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Here’s How Qantas is Trying to Make its Ultra-Long Perth to London Flight as Healthy as Possible

Here’s How Qantas is Trying to Make its Ultra-Long Perth to London Flight as Healthy as Possible

Here's How Qantas is Trying to Make its Ultra-Long Perth to London Flight as Healthy as Possible

On 25th March, Qantas will commence service on a new flight which will take the record for the world’s longest flight.  The 14,498km service between Perth in Western Australia to London will take 15 hours 45 minutes – for the first time ever, travellers in Europe and Australia will be able to fly direct between the two continents.

Qantas has made much of the fact that the new flight will be the quickest way to do the journey.  A mission that can take almost 24 hours with the current options available.  But the airline has to convince passengers that the time saving will be worth it – after all, spending nearly 16 hours on a plane is unlikely to be anyone’s idea of fun.

At present, many travellers counter the effects of jetlag with stopovers in popular transit cities such as Dubai, Singapore and Hong Kong.  A shorter flight won’t benefit anyone if the time to recover from the epic marathon journey takes even longer than present.

That’s why the Australian flag carrier has focused a lot of attention on the health effects of its new service – just one of several new ultra long range flights it has planned under its ‘Project Sunrise’ challenge (Qantas has asked both Boeing and Airbus to develop aircraft that can fly direct between the East Coast of Australia to London and New York).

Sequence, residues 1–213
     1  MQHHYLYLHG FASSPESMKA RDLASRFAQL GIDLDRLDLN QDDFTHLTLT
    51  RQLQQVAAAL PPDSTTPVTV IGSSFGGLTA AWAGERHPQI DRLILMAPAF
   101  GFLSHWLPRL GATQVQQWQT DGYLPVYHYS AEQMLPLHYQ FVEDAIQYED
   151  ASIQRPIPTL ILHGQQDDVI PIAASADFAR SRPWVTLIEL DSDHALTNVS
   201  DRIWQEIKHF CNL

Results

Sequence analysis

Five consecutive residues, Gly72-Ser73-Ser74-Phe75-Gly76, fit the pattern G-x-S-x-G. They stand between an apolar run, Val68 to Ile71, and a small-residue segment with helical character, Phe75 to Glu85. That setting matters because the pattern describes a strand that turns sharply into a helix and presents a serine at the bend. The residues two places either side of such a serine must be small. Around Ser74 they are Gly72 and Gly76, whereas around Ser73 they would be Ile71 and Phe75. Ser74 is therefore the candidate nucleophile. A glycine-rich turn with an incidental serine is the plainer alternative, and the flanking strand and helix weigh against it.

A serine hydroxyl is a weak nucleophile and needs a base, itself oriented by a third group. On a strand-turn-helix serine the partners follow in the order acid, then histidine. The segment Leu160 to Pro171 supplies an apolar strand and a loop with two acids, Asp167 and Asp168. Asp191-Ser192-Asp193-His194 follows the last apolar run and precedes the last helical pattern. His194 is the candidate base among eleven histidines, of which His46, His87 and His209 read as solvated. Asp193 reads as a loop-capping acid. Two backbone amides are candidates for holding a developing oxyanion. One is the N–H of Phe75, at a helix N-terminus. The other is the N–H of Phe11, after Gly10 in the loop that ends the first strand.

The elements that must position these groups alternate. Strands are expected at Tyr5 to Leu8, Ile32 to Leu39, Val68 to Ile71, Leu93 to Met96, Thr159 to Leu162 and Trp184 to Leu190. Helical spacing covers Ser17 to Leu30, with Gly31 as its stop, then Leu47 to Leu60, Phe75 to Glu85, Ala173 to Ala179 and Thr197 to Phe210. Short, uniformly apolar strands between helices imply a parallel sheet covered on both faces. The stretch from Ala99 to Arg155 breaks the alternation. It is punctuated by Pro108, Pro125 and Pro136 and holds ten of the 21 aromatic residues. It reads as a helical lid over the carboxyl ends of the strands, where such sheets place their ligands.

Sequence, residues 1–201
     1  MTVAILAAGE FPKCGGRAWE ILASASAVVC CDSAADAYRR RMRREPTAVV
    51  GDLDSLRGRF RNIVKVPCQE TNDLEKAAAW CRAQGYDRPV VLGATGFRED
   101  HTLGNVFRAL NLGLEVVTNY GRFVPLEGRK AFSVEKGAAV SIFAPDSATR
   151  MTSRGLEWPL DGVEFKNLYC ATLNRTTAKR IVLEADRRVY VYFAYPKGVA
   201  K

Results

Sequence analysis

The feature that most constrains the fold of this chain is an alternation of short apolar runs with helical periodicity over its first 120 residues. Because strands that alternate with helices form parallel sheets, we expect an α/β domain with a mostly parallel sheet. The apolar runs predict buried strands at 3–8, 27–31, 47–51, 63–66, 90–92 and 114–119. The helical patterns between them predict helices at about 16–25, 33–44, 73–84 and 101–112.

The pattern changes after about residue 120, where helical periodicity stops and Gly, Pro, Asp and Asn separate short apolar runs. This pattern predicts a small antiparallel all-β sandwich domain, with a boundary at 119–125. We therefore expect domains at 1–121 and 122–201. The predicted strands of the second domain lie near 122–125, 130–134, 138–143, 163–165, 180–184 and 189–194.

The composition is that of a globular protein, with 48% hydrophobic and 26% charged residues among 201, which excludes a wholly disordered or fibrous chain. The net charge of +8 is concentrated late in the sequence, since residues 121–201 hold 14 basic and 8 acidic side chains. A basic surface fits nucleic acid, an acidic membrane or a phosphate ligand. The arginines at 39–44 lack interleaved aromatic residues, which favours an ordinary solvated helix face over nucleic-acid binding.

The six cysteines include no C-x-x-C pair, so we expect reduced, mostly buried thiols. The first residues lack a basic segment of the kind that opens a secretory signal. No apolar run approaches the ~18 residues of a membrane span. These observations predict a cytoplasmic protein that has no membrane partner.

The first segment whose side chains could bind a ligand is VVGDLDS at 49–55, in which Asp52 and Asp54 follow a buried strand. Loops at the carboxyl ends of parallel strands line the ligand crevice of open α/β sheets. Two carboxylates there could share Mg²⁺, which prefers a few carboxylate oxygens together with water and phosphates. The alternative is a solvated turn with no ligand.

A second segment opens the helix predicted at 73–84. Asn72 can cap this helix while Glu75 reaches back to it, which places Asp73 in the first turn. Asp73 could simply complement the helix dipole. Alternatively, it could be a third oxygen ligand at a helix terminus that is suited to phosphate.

Qantas is counting on the Boeing 787-9 Dreamliner – the first aircraft capable of flying direct between Australia and Europe – to make a real difference in the passenger experience.

Qantas says even customers in Economy will benefit from increased space on its Boeing 787-9 Dreamliner's. Photo Credit: Qantas
Qantas says even customers in Economy will benefit from increased space on its Boeing 787-9 Dreamliner’s. Photo Credit: Qantas

Unlike other aircraft, the Dreamliner doesn’t use ‘bleed air‘ from the engines to pump new air into the cabin – meaning the air quality should be significantly improved compared to competitors using aircraft like the 777 for similar length flights.  The cabin is also pressurised to a lower altitude – meaning that your body doesn’t have to work so hard just to survive.

The large Dreamliner windows will also give a greater sense of space (even if you are sat in Economy for 16 hours) and ‘ride dampening technology’ should alleviate some of the uncomfortable turbulence that can make flights such a nightmare.

Qantas is also keen to stress that unlike some of its rivals, it’s aircraft operating on ultra long missions will have a lower passenger count and more personal space.

There are plenty of airlines with experience in operating flights nearly as long as the Perth to London route.  Qatar Airways operates a direct service from Doha to Auckland and Emirates operates an ever so slightly shorter route to the New Zealand city from Dubai.